JohnThat's exactly right. And the administration's view abortion is always the necessary treatment. So to say that you had a woman who came in and she was 18 weeks pregnant and she had a premature rupture of her membranes, and that's a very serious condition for mom in the baby. You know, for the mom, it's possible that she could develop an infection which could be fatal.
GrazieSimple. You've really shocked me, John. I hadn't I hadn't imagined that scenario. That's absolutely heinous, that that that could and I'm not I'll tell you why. I'll tell you why. It is because as a physician, I know many physicians of all different stripes, emergency room doctors, radiologists. I mean, we come in all flavors, but most of us do not participate in abortion and we refuse to participate in abortions.
JohnYeah, I think that's right. And you can imagine the situation with a pro-life OB-GYN who might spend most of their time on the labor delivery floor. But they're a hospitalist. And so they also will come down to the emergency room to help with a pregnant women's emergencies. And she may have already spoken to the hospital administration about her conscience and got an exemption from all the right people.
GrazieWhen when a woman comes to the E.R., for instance, and she's in process of miscarrying, whether it's natural or provoked by mifepristone, if the child has a heartbeat still and and hasn't begun to emerge and the cervix is closed any.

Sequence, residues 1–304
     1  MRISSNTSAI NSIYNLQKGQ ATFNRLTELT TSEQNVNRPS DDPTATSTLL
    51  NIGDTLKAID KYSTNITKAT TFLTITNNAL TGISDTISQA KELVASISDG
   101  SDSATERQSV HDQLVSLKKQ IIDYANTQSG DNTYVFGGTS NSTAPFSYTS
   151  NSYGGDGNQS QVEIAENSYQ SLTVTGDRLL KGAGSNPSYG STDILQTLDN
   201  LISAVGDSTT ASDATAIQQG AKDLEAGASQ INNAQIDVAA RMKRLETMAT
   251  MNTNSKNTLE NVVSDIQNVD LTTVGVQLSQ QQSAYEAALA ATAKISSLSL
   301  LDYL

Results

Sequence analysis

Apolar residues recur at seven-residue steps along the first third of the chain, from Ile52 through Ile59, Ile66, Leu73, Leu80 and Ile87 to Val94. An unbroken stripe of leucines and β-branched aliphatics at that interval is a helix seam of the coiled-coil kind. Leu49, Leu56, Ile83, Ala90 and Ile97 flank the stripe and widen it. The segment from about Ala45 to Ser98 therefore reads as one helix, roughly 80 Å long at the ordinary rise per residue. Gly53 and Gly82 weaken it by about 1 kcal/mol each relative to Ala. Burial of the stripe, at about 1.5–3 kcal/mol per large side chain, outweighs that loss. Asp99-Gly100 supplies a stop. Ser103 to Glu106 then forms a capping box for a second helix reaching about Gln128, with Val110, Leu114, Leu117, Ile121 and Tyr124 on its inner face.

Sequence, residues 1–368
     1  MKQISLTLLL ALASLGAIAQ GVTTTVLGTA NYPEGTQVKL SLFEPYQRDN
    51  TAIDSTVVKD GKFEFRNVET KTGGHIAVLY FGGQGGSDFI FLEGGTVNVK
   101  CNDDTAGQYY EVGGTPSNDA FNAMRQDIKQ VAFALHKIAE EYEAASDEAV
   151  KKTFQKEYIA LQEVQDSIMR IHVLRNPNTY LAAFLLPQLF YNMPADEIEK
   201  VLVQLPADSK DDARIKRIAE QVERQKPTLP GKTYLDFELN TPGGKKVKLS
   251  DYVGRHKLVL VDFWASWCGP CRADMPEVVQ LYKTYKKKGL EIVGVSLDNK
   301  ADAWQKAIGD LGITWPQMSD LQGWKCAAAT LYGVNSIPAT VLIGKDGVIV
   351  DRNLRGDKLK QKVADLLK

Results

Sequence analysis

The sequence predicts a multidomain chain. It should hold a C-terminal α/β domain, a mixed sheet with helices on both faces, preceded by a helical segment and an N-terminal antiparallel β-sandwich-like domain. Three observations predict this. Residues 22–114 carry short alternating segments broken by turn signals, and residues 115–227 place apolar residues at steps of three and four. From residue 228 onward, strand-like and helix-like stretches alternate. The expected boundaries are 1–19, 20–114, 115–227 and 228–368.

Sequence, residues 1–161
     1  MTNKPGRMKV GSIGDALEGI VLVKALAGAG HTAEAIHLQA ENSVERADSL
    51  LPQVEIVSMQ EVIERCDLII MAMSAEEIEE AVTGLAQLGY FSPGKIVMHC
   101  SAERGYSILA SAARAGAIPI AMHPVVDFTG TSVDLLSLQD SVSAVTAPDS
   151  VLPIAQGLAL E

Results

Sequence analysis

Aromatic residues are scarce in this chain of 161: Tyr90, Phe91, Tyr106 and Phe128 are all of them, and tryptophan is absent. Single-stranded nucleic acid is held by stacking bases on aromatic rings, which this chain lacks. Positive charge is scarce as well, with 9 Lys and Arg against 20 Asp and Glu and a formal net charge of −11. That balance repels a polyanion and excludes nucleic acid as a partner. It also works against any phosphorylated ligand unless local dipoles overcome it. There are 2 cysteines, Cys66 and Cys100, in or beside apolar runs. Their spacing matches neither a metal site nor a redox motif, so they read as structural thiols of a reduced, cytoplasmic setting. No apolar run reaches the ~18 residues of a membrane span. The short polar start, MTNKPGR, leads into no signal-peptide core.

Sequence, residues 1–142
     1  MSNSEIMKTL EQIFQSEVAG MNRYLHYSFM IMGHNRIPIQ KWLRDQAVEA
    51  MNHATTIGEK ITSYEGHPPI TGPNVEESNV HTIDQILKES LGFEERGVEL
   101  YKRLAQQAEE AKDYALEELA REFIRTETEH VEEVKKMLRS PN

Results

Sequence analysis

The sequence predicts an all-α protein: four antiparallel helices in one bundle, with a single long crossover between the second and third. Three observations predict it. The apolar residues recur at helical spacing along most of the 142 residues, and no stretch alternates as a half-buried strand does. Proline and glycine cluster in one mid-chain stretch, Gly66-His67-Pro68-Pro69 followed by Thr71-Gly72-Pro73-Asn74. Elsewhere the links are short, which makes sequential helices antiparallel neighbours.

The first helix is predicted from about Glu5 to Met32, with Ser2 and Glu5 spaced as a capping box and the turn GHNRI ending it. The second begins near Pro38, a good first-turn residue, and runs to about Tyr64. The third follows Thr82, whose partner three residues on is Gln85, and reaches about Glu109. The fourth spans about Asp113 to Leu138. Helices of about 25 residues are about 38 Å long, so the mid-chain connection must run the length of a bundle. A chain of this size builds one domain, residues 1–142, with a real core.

GrazieThat child has a right, that the child is alive and could very well continue and be born later, making emergency room doctors interfere in that specific case, I think is exactly what the Biden administration wants to do. And the and the the their interference would be a formal abortion, a surgical abortion. And there's and there's really no need for that because if the woman is is has is bleeding, she can be transfused.
JohnBecause the states and the Catholic Church don't even recognize that situation as an abortion, where the primary purpose is to save the mother's life. And it's not an intentional taking of the child's life that's exempted from the definition of abortion in every single state. But the Biden administration wants to have more abortions, and they want to coerce pro-life doctors to violate their conscience, as we were talking about.
GrazieWell, John, thank you for joining us. And I really, really hope I'll pray and I hope that all our listeners will pray along that cooler heads prevail and logic and sense and just compassion and generosity of the Supreme Court and that. Thank you. Yes. And Idaho, in their case.
JohnThat's our prayer as well. And for those who want to pray specifically, well, the argument is happening. It will begin shortly after 10 a.m. on Wednesday, April 24th, and we will take all the prayers that we can get.
GrazieAnd now Father Roger Landry offers a short and inspiring homily for this Sunday's gospel.
Fr LandryThis is Father Roger later, and it's a joy for me to be with you as we enter into the consequential conversation the risen Lord Jesus wants to have with each of us. This Sunday, the fourth sunny of Easter each year is called Good Shepherd Sunday, because on this day, the church focuses on the 10th chapter of the Gospel of Saint John, which Jesus reveals the relationship he has with each of his faithful followers.
GrazieThank you, Father. To learn more about Father, check out his website. It's called Catholic Preaching dot com and make sure to catch his writings at EWTN National Catholic Register. He's a regular contributor. With that, I leave you and thank you again for being our listeners and we continue to pray for you always.